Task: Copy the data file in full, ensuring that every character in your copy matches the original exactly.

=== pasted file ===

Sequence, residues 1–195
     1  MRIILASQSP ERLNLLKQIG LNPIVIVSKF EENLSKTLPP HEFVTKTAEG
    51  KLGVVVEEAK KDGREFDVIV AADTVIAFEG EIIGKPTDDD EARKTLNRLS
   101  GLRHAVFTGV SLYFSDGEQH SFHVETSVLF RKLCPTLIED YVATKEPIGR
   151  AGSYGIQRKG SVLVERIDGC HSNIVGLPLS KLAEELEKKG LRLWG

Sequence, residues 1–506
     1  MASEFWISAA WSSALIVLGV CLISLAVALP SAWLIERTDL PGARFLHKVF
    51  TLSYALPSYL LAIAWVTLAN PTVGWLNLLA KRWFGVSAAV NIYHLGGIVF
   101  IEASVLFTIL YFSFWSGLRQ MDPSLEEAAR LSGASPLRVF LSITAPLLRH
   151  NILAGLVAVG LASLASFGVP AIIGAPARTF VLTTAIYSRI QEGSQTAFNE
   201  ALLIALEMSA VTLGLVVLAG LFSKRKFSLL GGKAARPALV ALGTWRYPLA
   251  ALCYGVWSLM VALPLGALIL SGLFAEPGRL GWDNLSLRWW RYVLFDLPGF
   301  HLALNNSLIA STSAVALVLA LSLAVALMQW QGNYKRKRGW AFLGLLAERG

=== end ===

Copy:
Sequence, residues 1–195
     1  MRIILASQSP ERLNLLKQIG LNPIVIVSKF EENLSKTLPP HEFVTKTAEG
    51  KLGVVVEEAK KDGREFDVIV AADTVIAFEG EIIGKPTDDD EARKTLNRLS
   101  GLRHAVFTGV SLYFSDGEQH SFHVETSVLF RKLCPTLIED YVATKEPIGR
   151  AGSYGIQRKG SVLVERIDGC HSNIVGLPLS KLAEELEKKG LRLWG

Sequence, residues 1–506
     1  MASEFWISAA WSSALIVLGV CLISLAVALP SAWLIERTDL PGARFLHKVF
    51  TLSYALPSYL LAIAWVTLAN PTVGWLNLLA KRWFGVSAAV NIYHLGGIVF
   101  IEASVLFTIL YFSFWSGLRQ MDPSLEEAAR LSGASPLRVF LSITAPLLRH
   151  NILAGLVAVG LASLASFGVP AIIGAPARTF VLTTAIYSRI QEGSQTAFNE
   201  ALLIALEMSA VTLGLVVLAG LFSKRKFSLL GGKAARPALV ALGTWRYPLA
   251  ALCYGVWSLM VALPLGALIL SGLFAEPGRL GWDNLSLRWW RYVLFDLPGF
   301  HLALNNSLIA STSAVALVLA LSLAVALMQW QGNYKRKRGW AFLGLLAERG